The AFP reports that Rwandan authorities have “arrested a suspected mastermind of recent grenade attacks in the capital which injured 16 people this week and killed two others last month.”
Deo Mushayidi, a former member of the then rebel group Rwandan Patriotic Front that ended the 1994 genocide, was arrested in neighbouring Burundi.
“Deo Mushayidi, one of the main perpetrators of these acts, was arrested in Burundi and is currently in the hands if the police,” [Attorney General Martin] Ngoga told the state-run Radio Rwanda.
He said the police had “sufficient evidence” against the alleged mastermind, though he refused to speculate on what, exactly, qualified as “sufficient.”
In a disappointing twist, Mushayidi was not filmed by state TV in media plot, as with last month’s failed, er, “coup” in Bujumbura. But his arrest is a new wrinkle for those of us who have been following along with our grenade-attack scorecards at home.
February’s attacks, you’ll recall, were initially pinned on FDLR rebels, before the focus switched to two renegade RPF malcontents this week. Mushayidi now enters the picture as the latest arch-fiend who, as the government would have us believe, “belongs to a ‘network’ including fugitive Lt. Gen Kayumba Nyamwasa and exiled Col Patrick Karegeya which wants to cause ‘state insecurity,'” according to reports in the Rwanda News Agency.
Though a late-comer to the recent unrest, Mushayidi is no stranger to the political scene here in Kigali. Allan Thompson, writing in The Media and the Rwanda Genocide, offers the following biographical snippet on Mushayidi, during his time as a journalist with the newspaper Imboni.
After Joseph Sebarenzi, the popular Tutsi speaker of Parliament, was forced to step down Imboni revealed the RPF’s behind-the-scenes role. The government then seized the journal and banned it. Following President Kagame’s attack on the paper, its two Tutsi journalists left the country: Deo Mushayidi (also president of the Rwandan Associations of Journalists) and Jason Muhayimana.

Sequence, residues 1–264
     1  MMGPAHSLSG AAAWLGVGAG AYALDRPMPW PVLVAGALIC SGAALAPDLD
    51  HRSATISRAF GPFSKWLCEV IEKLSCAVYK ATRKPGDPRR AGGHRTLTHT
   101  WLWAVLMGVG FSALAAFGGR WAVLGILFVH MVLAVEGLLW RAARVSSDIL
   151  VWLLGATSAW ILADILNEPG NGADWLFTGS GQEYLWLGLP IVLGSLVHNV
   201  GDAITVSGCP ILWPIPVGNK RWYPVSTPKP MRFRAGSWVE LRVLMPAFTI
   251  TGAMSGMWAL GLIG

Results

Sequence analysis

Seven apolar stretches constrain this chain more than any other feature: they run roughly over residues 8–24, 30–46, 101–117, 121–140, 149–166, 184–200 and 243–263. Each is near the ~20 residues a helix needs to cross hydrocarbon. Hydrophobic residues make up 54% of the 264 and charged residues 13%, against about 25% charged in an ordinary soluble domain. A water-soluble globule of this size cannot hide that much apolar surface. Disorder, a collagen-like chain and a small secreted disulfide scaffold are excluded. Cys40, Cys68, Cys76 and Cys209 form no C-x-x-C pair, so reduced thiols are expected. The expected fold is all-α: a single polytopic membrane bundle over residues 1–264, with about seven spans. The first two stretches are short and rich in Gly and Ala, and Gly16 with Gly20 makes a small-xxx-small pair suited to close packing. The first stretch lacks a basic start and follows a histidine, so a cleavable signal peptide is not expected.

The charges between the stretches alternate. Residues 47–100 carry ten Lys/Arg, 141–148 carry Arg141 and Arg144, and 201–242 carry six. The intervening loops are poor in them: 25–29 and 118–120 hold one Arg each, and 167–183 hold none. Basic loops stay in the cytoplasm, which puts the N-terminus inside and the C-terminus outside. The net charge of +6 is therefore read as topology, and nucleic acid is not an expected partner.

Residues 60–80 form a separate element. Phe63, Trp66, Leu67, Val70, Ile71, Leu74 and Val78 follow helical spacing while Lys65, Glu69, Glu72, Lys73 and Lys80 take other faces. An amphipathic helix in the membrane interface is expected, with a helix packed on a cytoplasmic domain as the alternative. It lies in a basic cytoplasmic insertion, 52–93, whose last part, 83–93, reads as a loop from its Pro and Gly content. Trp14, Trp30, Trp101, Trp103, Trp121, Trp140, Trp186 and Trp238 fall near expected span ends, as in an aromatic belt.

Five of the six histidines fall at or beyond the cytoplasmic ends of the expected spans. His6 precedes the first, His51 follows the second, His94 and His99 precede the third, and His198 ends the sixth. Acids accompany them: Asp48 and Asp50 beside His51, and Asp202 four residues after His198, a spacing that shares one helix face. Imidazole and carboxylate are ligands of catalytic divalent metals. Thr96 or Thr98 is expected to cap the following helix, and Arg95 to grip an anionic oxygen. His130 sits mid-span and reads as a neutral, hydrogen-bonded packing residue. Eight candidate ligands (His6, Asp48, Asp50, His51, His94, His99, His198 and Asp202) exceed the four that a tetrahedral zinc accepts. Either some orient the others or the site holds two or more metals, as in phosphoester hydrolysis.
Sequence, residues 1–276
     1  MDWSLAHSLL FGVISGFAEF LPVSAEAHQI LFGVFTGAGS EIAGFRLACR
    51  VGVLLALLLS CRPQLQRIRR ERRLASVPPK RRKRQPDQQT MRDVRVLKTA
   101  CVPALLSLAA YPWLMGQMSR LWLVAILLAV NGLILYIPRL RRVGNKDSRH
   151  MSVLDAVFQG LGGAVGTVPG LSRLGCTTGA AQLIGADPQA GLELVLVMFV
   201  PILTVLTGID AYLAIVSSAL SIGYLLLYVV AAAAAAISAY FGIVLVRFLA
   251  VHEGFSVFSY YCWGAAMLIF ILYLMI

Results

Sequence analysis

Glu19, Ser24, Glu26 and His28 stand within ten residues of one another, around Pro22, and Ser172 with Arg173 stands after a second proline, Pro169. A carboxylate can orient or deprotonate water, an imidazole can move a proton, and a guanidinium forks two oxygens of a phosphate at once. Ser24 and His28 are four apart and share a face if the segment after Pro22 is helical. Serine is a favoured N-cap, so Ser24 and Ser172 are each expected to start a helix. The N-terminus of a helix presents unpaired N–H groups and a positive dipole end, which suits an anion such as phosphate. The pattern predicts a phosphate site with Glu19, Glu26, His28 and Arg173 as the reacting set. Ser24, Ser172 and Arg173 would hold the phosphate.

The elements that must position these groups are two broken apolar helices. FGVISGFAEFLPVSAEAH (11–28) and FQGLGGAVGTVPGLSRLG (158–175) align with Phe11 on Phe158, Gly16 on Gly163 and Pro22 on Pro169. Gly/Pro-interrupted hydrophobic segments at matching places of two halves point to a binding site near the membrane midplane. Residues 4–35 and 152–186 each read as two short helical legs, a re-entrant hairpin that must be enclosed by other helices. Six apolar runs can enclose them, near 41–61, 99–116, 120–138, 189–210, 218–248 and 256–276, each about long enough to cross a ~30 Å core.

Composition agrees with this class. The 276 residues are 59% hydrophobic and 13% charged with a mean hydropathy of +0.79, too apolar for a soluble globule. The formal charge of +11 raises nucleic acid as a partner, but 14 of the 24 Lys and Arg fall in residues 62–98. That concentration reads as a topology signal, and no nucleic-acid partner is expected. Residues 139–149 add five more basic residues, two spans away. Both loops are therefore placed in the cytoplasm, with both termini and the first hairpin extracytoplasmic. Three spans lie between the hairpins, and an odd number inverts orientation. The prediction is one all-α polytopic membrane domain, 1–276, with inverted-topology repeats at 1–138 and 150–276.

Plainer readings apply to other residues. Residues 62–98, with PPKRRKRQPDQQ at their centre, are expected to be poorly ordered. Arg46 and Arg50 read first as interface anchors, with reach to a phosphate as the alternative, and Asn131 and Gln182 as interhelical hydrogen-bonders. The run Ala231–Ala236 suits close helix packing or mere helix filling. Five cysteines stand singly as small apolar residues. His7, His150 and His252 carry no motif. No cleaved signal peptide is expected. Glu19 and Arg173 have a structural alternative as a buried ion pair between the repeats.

It was at that time, according to AFP, that Mushayidi “fled to Belgium in 2000 and joined several diaspora opposition groups and last year formed his own party.”
At this point the narrative splinters, depending on just who you want to believe. Mushayidi in exile was a vocal critic of the Kagame government, and became a frequent guest on both the BBC and the VOA. You can hear some of his criticisms of the Kagame regime here (in French, with half-assed English translations).
But the Rwanda News Agency reports that “Mr. Mushayidi allegedly fled with his partner Jason Muhayimana – who was publisher of the same newspaper, after members of the association management team started agitating for accountability of a yet-an unknown amount of funding from the UN agency UNESCO to support the Press House.” In effect, Mushayidi was said to be a crook. (President Kagame allegedly said of him at a press conference, “Don’t you know that Mushayidi ran away with money of his colleagues in the media”)
The report goes on to make more strenuous accusations.
In August 2007, Mr. Mushayidi took his campaign to another level. As regional Tripartite Plus army chiefs were mapping out strategies end the Democratic Forces for the Liberation of Rwanda (FDLR) rebels in D R Congo, Mr. Mushayidi and other political opposition parties in Europe announced a plan to cooperate with the rebels.
Mr. Mushayidi teamed up with exiled Defense Minister Gen. Ben Habyarimana, ex-Prime Minister Rwigema Celestin and other exiles – announcing that they were merging with the guerrillas to oust President Kagame from power by force.
And there you have it: a former Kagame stalwart, now teaming with FDLR rebels and RPF cast-offs, conspiring to disrupt the president’s cakewalk this August through a series of attacks – coordinated, it seems, from three separate countries.
Oddly, it seems no less plausible than any of the other theories I’ve heard lately.